So today I decided to try something completely new and leave the kayaks at home and make a hike in to the Little Big Econ State Forest to a center section of the lower Econ River. It is about a two mile hike to a section labeled a prime shad spawning area which meant it would take a lot less time to reach by foot than by kayak. My brother joined me, and we set out with our waders, fly rods, and provisions on our backs. We started our hike at Brumley Rd around 9:00am and enjoyed an easy walk along a truck road for about 1.25 miles where we reached the white trail heading towards the river. This trail is a single track about .75 miles long and decently defined until you get to the river. Once you reach the river you have a choice to head up river on the white trail, or down river on the yellow trail. We spotted two very large alligators in the area, so we fished from shore a bit. Back casting in this area can be challenging due to high banks and foliage. We did not spot or find any shad, so we made the decision to travel further up river along the white trail. Be aware that if the water is on the high side, you would find a deep creek that you would need to traverse to get there if you follow the white blazes. Check out the video below to see how NOT to cross it! LOL!!! Most of this area is high banked and not ideal for fly fishing. You would be better served bringing conventional tackle to fish this area. However, once you near the area of the old shelter, things flatten out a bit and there are some nice sand banks on the inside turns.
We fished for a couple of hours in the upper stretch of the prime spawning area and did not see or land shad. We stopped for lunch around 1:00 and then made our way all they way up to the old shelter where we ran in to the only other people we saw all day. We fished the area with no luck and confirmed that the others did not land shad either. At about 2:00 we decided to hoof it back to the yellow trail which took about 45 minutes. We moved down about another 15-20 minutes to the next turn and quickly found shad washing… on the opposite bank. This area is high banked, but there are areas you could step down to fish. I was able to reach the shad with my switch rod making Skagit casts but as many accounts can confirm, when you see shad washing, they generally won’t take a fly.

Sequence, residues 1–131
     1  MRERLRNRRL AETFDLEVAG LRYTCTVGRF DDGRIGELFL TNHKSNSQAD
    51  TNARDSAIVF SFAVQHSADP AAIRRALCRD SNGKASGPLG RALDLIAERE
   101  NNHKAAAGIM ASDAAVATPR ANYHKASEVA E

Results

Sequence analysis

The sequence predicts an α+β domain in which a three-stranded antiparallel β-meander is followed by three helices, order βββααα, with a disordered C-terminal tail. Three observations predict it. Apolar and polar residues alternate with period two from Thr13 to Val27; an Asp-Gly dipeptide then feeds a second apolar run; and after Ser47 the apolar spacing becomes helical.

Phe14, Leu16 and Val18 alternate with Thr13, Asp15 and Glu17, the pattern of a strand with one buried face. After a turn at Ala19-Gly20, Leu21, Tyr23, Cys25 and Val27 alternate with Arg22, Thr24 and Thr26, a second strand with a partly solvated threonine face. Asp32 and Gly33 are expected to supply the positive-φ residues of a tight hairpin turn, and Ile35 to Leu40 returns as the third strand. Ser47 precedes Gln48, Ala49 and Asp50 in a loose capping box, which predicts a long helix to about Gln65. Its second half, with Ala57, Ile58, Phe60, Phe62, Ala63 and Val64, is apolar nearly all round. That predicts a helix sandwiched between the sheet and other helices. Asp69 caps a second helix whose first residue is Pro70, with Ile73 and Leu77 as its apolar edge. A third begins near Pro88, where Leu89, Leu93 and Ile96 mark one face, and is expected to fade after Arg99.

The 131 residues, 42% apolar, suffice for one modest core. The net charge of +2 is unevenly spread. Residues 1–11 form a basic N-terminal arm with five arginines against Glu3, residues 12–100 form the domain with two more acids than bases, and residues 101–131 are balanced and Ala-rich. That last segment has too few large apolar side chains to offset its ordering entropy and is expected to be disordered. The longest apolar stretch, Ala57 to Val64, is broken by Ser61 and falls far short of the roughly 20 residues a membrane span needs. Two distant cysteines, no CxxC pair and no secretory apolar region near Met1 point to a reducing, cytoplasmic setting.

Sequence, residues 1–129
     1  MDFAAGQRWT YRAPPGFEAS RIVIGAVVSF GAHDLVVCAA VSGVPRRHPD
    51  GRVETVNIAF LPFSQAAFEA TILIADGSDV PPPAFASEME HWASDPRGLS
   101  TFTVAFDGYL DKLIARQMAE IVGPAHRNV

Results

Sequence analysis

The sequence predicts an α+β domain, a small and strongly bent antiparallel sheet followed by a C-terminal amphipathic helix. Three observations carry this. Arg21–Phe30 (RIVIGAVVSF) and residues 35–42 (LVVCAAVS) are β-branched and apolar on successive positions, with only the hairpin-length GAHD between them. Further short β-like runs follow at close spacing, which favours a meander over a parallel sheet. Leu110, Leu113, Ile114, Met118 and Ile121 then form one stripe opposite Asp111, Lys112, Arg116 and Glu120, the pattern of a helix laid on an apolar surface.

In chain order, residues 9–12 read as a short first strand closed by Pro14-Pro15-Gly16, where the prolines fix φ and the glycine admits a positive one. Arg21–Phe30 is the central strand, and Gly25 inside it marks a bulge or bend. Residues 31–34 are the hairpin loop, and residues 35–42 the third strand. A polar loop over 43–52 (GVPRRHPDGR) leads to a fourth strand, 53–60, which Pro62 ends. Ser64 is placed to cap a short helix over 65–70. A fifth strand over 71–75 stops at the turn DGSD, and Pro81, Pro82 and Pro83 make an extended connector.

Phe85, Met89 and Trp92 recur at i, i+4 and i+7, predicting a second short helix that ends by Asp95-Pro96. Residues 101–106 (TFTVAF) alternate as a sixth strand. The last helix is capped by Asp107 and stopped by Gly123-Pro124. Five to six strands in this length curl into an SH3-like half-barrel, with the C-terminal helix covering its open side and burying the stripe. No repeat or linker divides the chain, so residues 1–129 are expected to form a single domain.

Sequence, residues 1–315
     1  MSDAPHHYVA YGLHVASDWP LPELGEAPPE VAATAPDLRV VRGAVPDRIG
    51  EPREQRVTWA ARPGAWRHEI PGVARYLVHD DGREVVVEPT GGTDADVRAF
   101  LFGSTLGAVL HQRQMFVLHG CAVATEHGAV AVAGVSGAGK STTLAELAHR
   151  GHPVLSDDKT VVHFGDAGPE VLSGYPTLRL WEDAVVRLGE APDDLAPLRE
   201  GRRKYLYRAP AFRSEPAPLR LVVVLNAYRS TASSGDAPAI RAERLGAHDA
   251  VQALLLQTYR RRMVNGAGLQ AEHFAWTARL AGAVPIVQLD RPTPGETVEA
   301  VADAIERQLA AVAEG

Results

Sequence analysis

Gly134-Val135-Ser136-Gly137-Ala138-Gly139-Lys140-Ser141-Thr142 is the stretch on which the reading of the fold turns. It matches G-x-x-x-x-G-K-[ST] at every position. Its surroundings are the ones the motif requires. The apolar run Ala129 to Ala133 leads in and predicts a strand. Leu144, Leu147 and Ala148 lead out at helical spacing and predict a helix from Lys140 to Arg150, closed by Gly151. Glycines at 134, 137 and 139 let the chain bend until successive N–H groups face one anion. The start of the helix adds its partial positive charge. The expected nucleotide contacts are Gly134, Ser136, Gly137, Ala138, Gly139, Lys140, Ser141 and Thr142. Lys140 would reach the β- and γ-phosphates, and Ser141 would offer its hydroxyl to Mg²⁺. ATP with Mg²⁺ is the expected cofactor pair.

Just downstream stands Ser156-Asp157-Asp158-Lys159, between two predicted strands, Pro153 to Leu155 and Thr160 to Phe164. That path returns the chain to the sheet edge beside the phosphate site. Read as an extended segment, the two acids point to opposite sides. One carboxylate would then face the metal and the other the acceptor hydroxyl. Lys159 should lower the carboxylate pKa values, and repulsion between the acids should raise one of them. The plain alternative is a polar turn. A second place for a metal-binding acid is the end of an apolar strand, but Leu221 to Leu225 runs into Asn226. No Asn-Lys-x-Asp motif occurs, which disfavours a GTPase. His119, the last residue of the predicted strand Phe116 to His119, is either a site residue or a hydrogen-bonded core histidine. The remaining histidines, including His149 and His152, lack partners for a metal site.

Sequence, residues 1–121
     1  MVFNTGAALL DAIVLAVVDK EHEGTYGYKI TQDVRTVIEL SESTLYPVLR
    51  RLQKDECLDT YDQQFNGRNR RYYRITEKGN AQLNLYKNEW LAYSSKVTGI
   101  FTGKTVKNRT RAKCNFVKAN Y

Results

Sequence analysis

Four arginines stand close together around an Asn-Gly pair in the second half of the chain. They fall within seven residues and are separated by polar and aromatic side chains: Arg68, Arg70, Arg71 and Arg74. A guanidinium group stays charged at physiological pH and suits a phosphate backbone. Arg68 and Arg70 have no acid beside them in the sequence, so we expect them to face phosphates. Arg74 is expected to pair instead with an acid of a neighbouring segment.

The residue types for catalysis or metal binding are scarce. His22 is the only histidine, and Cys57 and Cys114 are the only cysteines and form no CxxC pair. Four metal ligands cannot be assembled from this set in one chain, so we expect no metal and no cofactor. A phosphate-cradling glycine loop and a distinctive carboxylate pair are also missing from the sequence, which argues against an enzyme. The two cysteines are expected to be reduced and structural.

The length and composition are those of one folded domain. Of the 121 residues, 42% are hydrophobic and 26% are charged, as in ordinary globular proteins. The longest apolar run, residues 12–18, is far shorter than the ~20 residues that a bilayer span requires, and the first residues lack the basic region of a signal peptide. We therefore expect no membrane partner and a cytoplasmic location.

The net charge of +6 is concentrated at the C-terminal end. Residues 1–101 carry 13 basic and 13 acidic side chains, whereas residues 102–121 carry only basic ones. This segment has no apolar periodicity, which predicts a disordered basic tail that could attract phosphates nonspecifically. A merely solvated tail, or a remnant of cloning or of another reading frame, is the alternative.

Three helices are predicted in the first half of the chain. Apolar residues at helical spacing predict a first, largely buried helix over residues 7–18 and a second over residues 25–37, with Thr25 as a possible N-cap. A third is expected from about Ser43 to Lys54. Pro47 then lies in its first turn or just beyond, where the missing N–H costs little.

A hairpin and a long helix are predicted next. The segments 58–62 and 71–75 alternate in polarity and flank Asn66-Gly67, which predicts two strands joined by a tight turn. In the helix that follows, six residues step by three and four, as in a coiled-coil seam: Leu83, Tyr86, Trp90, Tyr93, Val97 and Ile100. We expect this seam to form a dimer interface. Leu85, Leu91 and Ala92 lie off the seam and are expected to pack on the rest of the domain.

There are definitely shad in the Econ River right now, but if you decide to hike out this week to find them, you may want to start looking for them on the yellow trail and then make your way back up river. Also, conventional tackle would be a good idea to help search for them as a lot of the area is just not conducive to fly fishing right now.
My brother and I really enjoyed the hiking aspect of this trip and would certainly do it again!
Note to self: You could definitely mountain bike the truck trail and most likely the initial portion of the white trail until you get to the river to save time. Once you get to the trails at the river, it is probably easier to just hike it.
I launched from CS Lee on Saturday and was greeted with 15mph NNW wind. I fished the creek mouths on the way down to the Econ using my switch rod paired with a 10ft T8 sink tip and hourglass weighted fly. The St Johns River is still outside its banks and the wind was not helping that one bit. Even with the sink tip and heavy fly, the swing was quick downstream and the high water made it difficult to reach the main channel in most places. I made my way up to a point that juts out in to the river on the east bank before reaching the Econ. With the banks submerged, I found myself wading in waste high water with no room for a backcast. This is really where the switch rod shines, as it allows me to make waterborn casts rather than false cast. Fishing the east bank with a NNW wind means my casts were off of my weak side, but I still managed 40-50 feet and then could throw some line in to the mends. Note to self, you really need to practice your off hand casting more. 🙂 I managed one nice shad in about 45 minutes of fishing. The cold water and wind finally got the better of me as I decided one shad an hour was not worth freezing my butt off over. Time for a change of scenery.